// for writeMicroseconds, use a value like 1500
// Powering a servo from the arduino usually *DOES NOT WORK*.

String readString;
#include <Servo.h> 
Servo myservo;  // create servo object to control a servo 

void setup() {
  Serial.begin(9600);
  myservo.attach(9);
}

void loop() {

  while (Serial.available()) {

    if (Serial.available() >0) {
      char c = Serial.read();  //gets one byte from serial buffer
      readString += c; //makes the string readString
      delay(3);
    } 
  }

  if (readString.length() >0) {
    Serial.println(readString);
    int n = readString.toInt();
    Serial.println(n);
    myservo.writeMicroseconds(n);
    //myservo.write(n);
    readString="";
  } 
}

I have seen servos that operated as normal servos, properly moving to the specified angle ans a standard servo.
UNTIL you gave the servo a command that was too low or too high.
If you servo.Writemicroseconds() and give it a value between say, 1000 and 2000, the the servo moved as expected for a standard servo.
BUT if you wrote a value of 600, it would spin continuously.
A fix for this situation was to use the optional parameters in the servo.attach() to set the min and max values.
servo.Attach(servopin, 1000, 2000)

Does this sound like what you are experiencing? You might experiment with different min and max values.

vinceherman:
If you servo.Writemicroseconds() and give it a value between say, 1000 and 2000, the the servo moved as expected for a standard servo.
BUT if you wrote a value of 600, it would spin continuously.

Best of both worlds. I wonder if that's an actual intended feature, or a bug?

During my initial searching I found zoomkat’s servo testing code, but just using the write() command. Testing the writeMicrosecond() command it would not move with an out of range signal.

I had tested with for loops with just the write(), and the servo would jump around if I used sent a value between 300 and 440. Changing to writeMicrosecond(); the servo now ignores out of range signals.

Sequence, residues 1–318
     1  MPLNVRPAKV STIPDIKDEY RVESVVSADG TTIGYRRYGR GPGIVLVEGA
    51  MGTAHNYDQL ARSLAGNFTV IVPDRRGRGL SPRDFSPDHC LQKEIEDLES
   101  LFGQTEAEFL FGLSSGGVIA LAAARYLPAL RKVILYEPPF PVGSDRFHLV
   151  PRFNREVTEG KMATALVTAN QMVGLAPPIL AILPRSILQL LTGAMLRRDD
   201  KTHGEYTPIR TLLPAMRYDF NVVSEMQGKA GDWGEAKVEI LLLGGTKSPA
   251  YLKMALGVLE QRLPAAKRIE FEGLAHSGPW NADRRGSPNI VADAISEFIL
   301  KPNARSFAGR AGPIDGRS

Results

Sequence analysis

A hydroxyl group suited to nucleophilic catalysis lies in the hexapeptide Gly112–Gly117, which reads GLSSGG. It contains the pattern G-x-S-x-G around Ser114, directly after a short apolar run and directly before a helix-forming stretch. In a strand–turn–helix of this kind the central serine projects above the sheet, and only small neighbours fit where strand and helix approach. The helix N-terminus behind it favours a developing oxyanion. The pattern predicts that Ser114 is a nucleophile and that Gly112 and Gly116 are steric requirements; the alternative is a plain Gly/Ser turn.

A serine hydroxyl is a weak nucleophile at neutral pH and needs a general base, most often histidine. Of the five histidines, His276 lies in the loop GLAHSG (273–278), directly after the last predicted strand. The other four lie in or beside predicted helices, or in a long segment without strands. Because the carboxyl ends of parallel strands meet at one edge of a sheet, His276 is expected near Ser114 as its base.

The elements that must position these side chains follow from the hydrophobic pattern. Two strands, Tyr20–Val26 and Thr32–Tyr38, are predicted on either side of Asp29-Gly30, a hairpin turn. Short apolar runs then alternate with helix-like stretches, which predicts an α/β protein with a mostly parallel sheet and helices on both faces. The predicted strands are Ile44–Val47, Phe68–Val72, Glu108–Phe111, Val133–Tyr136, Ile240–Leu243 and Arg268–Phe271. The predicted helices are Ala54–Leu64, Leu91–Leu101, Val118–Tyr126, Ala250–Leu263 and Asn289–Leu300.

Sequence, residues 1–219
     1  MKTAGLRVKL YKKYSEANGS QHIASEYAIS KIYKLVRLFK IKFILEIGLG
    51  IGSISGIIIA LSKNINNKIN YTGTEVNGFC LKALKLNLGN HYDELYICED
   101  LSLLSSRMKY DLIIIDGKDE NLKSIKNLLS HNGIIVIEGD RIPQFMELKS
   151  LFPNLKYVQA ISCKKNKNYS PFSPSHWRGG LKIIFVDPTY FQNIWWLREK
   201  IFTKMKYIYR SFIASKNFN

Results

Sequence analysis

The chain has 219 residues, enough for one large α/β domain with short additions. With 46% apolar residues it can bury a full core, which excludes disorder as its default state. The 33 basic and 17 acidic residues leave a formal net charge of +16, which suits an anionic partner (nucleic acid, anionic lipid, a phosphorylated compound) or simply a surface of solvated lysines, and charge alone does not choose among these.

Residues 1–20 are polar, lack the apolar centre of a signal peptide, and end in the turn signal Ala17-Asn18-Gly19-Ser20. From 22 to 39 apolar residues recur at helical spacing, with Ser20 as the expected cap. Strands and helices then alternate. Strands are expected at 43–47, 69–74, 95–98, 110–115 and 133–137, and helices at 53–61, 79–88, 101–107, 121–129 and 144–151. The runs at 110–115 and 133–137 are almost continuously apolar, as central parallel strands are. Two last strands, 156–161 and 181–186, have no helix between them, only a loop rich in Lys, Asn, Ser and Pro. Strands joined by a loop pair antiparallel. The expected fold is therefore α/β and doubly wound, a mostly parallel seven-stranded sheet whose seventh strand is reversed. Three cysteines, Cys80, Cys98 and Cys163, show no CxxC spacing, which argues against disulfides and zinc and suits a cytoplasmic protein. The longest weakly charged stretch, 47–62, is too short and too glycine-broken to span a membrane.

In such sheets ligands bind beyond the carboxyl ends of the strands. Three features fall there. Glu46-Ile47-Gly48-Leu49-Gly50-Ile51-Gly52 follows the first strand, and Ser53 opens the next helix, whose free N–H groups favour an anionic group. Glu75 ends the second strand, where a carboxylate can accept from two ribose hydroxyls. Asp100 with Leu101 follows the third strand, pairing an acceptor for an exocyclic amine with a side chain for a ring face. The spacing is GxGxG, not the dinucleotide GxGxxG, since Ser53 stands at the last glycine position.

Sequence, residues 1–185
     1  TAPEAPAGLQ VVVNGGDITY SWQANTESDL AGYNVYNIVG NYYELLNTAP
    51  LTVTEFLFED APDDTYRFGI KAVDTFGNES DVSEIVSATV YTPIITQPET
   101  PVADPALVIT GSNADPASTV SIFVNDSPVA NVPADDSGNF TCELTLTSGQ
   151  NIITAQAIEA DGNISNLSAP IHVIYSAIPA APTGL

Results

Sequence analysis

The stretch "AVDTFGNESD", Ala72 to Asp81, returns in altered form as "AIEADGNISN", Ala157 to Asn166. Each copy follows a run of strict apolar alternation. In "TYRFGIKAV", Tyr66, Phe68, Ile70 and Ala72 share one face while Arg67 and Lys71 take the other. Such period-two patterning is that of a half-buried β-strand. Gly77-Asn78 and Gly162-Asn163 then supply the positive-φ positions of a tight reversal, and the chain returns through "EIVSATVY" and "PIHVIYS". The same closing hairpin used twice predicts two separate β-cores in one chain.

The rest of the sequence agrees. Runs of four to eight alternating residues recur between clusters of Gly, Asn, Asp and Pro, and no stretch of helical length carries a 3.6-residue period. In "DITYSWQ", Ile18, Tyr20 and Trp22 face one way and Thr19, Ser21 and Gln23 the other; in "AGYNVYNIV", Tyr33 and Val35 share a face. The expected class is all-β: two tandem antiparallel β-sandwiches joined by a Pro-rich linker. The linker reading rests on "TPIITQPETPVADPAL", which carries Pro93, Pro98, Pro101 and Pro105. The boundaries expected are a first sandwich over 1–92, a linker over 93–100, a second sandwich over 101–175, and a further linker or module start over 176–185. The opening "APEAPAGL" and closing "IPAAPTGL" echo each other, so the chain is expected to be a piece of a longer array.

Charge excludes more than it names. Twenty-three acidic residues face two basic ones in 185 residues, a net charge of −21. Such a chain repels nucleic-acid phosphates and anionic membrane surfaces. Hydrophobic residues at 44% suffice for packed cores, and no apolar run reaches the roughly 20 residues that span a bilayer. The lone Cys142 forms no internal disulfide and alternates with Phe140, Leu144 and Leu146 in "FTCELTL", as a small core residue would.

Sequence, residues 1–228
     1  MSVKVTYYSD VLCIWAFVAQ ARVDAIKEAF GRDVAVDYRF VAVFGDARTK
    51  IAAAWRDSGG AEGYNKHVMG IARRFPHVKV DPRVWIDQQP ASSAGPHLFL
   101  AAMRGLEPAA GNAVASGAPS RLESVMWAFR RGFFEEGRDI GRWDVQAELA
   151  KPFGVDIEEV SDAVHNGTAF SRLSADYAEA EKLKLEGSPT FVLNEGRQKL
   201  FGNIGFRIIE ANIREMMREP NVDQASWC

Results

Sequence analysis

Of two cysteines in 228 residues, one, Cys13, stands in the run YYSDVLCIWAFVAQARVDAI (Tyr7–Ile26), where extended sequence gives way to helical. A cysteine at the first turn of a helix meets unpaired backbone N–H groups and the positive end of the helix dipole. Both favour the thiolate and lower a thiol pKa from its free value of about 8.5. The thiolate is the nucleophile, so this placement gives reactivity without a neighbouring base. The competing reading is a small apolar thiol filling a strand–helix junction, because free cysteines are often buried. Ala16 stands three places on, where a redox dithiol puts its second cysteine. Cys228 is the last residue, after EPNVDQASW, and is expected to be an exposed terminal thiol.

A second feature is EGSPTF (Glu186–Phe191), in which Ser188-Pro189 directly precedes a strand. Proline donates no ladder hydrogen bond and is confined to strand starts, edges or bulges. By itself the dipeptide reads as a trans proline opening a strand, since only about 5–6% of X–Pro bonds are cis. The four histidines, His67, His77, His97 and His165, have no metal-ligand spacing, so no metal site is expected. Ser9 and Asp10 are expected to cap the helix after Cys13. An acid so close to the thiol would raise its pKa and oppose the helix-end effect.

It looks like you can move the final drive pin high enough that no longer actuates the POT but still supports the rod. Or replace the pot with a couple of resistors.

I am now looking at incorrect power causing the problem, My guess is that the way I am powering the system is dipping just a bit low and the processor is getting confused. I am going to try putting a POT between the power and the servo+ line and see if I can recreate the problem.

my final design will likely need to power the servos directly from the battery, rather than through the rc receiver + esc.

void extendedmssweep()
{
   int x;
  for (x=400; x<=3000; x++)
  {
    //myservo.write(x);
    myservo.writeMicroseconds(x);
    delay (2);
  }
    for (x=3000; x>=400; x--)
  {
    //myservo.write();
    myservo.writeMicroseconds(x);
    delay (2);
  } 
}
void extendeddegreesweep()
{
  int x;
  for (x=-20; x<=200; x++)
  {
    myservo.write(x);
    delay (20);
  }
    for (x=200; x>=-20; x--)
  {
    myservo.write(x);
    delay (20);
 }
}

Using servo.write() with value outside the normal 0-180 range means that the code will try to translate your value into a writeMicroseconds() call. So e.g. write(1500) is equivalent to write(90). I wish it didn't because it's really confusing but there you go.

But the thing that's puzzling is that the Servo code normally limits the microsecond value to 544 - 2400. So I'd expect that values in range 300-440 would do absolutely nothing. And apparently if you do it properly using writeMicroseconds() that's what it does.

So maybe you've found a way to break the Servo write() by abusing it something rotten. But honestly if you want to use microseconds and not angles then use the correct command.

Steve

When tracking down a weird problem you have to find a way to recreate it. So I tried :slight_smile: Originally I was just using degrees, I never would have dug into this if things had worked properly.

Honestly these are cheap servos, the kind most of us getting into this hobby will likely buy. The servo board might be the problem. I also know that someone else will run into this issue and will keep finding the same answer, "you have a 360 degree servo" so i decide to find the problem.

I tried installing a POT vary the voltage to the servo, but it would just slow down then stop.
I then removed the ground from the 3rd pin. I found that if set the resistance to 80 ohm it would recreate the problem. I will power the system differently to avoid this.

The problem comes down a power supply issue...